Editor's note: Grammatical edits were made to the original version of this story so that Darryl Moore's quote was more clear.
Jennifer Morales was caught off guard when she found out her son Jaiden would receive a full ride scholarship to Kent State from talk show host Steve Harvey.
“I came in the house and he was crying,” she said. “I’m like, ‘What’s going on?’ and he just hugs me and I’m like, ‘What’s going on?’ and he’s like, ‘My college is paid for.’ And I’m like, ‘What do you mean?’ He’s like, ‘Steve Harvey is paying for my college.’”
At a watch party Wednesday morning at the Kent Student Center, faculty, staff and family members cheered and clapped as six of the freshmen watched themselves on Steve, Harvey’s talk show.
Harvey spoke with Sonya Williams, the interim executive director in the Division of Diversity, Equity and Inclusion (DEI), about how the students were chosen for the scholarships.
“We [members of DEI and The Steve & Marjorie Harvey Foundation] were at a table and we said ‘Well how do we find these young men to give these opportunities to?’,” Williams said on Harvey’s show. “Academically, these are top of the line, … some come from really adverse backgrounds, and all they needed was an opportunity and so we took advantage of this opportunity to give them a future.”
Williams accompanied the students along with Alfreda Brown, vice president of DEI, and Michael Daniels, assistant director of Student Multicultural Center and Male Empowerment Network (MEN) Coordinator, to the recording session on May 9.
The “elite eight,” as many faculty and staff members are calling them, are eight incoming freshmen who will receive full scholarships from the The Steve & Marjorie Harvey Foundation for four years. The students’ tuition and room and board costs will be covered, which is worth about $23,000 a year each.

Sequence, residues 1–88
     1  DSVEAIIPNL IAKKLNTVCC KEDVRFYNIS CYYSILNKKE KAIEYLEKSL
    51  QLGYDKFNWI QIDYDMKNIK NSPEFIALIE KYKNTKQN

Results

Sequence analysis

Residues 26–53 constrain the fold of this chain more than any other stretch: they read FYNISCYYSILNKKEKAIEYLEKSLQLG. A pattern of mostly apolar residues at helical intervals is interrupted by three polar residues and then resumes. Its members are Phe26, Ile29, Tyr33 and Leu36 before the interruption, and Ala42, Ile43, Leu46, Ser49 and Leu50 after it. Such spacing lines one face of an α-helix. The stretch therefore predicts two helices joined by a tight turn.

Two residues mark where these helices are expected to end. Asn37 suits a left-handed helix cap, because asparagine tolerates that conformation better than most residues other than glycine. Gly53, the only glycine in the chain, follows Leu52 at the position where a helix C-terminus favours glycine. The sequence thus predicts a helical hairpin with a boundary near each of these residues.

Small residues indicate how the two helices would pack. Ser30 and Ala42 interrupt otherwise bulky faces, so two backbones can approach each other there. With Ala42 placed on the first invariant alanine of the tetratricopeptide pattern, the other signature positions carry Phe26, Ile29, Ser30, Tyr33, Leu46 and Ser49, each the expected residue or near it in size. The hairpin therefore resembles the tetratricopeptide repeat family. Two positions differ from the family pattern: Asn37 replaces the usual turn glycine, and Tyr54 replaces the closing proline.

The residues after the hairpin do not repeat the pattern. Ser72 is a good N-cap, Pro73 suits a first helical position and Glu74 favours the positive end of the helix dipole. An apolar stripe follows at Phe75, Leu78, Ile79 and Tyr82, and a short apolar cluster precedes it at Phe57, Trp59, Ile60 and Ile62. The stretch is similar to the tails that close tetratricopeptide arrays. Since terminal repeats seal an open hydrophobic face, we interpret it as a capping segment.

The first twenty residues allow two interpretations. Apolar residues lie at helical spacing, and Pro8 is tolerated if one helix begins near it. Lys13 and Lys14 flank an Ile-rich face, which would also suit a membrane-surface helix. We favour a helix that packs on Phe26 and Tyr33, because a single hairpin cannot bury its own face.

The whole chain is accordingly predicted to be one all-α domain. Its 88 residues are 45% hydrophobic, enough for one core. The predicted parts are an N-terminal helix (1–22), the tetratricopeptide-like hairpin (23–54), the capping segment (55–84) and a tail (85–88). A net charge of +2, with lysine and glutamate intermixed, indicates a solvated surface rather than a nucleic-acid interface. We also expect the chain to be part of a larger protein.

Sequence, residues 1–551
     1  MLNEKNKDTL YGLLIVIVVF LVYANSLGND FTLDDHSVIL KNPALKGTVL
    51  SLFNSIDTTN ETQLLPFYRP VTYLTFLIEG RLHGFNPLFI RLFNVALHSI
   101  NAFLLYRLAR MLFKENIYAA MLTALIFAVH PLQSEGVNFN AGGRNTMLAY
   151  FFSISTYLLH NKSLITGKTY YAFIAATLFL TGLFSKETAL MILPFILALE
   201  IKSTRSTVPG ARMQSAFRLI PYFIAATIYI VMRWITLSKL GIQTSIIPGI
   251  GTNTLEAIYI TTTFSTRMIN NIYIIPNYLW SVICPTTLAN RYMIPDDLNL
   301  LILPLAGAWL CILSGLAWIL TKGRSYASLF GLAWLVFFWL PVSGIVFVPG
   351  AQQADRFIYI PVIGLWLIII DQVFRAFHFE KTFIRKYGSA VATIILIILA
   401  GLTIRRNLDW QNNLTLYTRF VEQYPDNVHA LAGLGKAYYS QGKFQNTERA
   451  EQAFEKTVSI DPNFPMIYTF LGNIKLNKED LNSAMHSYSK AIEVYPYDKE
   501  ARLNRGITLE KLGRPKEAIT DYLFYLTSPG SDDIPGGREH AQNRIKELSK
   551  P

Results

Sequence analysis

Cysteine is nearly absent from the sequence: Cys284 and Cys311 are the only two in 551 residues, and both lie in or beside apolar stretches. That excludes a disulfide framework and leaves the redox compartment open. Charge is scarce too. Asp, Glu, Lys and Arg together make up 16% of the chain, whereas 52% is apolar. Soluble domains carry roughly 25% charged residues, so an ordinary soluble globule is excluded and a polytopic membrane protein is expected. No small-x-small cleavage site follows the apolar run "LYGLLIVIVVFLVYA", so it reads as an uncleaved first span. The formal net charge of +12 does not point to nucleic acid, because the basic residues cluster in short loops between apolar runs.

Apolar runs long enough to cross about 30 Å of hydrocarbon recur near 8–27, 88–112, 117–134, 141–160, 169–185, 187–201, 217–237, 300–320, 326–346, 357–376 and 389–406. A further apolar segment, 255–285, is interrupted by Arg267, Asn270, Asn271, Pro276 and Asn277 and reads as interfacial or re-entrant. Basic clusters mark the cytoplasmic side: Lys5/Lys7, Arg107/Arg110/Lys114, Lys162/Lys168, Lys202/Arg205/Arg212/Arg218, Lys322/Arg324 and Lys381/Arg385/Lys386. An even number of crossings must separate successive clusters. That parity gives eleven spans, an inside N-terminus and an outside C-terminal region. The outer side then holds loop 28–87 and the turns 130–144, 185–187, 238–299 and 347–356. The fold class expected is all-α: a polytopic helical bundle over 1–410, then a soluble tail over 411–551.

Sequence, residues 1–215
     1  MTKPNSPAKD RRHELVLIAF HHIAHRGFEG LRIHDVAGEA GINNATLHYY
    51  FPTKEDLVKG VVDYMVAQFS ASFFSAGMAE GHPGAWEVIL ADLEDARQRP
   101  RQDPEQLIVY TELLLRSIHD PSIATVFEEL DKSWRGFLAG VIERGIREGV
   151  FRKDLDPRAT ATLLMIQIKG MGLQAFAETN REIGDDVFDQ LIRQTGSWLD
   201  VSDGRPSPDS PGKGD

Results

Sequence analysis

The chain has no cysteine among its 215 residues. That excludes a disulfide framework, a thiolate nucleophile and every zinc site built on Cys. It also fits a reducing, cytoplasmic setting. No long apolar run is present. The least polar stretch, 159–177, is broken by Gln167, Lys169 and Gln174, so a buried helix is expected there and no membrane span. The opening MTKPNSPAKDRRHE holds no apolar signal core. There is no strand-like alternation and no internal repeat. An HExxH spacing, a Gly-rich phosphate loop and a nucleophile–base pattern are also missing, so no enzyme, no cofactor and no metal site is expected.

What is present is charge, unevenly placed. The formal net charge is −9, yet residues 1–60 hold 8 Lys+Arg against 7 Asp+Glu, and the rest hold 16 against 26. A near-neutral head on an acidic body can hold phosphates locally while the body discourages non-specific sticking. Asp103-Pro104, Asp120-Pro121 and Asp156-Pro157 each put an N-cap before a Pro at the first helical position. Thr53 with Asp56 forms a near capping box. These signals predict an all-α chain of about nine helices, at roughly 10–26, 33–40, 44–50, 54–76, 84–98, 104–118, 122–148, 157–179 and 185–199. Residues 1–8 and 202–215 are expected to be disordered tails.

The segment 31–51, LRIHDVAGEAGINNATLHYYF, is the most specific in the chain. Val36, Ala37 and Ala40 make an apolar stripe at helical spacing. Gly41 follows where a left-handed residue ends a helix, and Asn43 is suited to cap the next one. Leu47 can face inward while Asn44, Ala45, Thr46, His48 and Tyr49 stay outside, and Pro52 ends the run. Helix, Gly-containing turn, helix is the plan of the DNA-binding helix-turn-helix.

Jaiden Morales of Lorain came to the party; he participated in Kent State’s TRIO Upward Bound program, which aims to “help students overcome class, social, academic and cultural barriers to higher education,” according to the Upward Bound website.
The Lorain High School graduate already planned to attend Kent State. Sonya Williams, the interim executive director in the Division of Diversity, Equity and Inclusion (DEI), called him and asked how he was going to pay for college.
“You don’t have to worry about that anymore,” Jaiden recalled her saying. “Then, she goes into depth about the full ride, books, housing, everything. It’s 100% tuition free,” Jaiden said. “I took it all in and I started crying.”
Jaiden is one of five students chosen from the TRIO program; The other four students in the TRIO program are Johnell Parnell and Zethran Jackson from Akron, Ohio and Lamont Averett and Mark Jenkins from Barberton, Ohio.
Anthony Morris Jr. (A.J.) also attended the watch party and graduated from Ginn Academy High School in Cleveland.
Kelvon Gibson, also a Ginn Academy graduate, and Craig Johnson, who was a part of the Steve Harvey Mentoring Program, will also receive scholarships.
When Harvey came back for his fraternity’s 50th celebration and he heard one of its members had passed away a year prior, he was inspired to give back.
Devan Moore was a senior journalism major who died on December 6, 2017 after collapsing during a game of basketball at the Student Recreation and Wellness Center on campus.
After Devin passed, many people close to him had difficulties. Devin’s fraternity brothers in Kent State’s chapter of the Omega Psi Phi fraternity were hit especially hard.
“We decided that there has to be somebody to come down and deal with them, as far as their feelings and their mental states,” Rev. Theopolis Washington II, Devin’s godfather, said. “I became their undergraduate advisor to over see it and with the assistance of Mr. Moore, that’s what put the ball in motion to when Steve came down for our 50th and we got him to meet with the university and you know, the rest is history.”
Although Devin’s fraternity brothers and family have both struggled with his passing, they’ve chosen to focus on the positive things his life has inspired.
“There’s no script to get through this, for this loss … but you see, great things have happened,” Darryl Moore, Devin’s father, said. “And this is just the start, this is just the start. The endowment, the Devin CG Moore Memorial fund … this is just a stepping stone to greater things that are ahead.”
Rachel Karas is editor of KentWired. Contact her at email@example.com.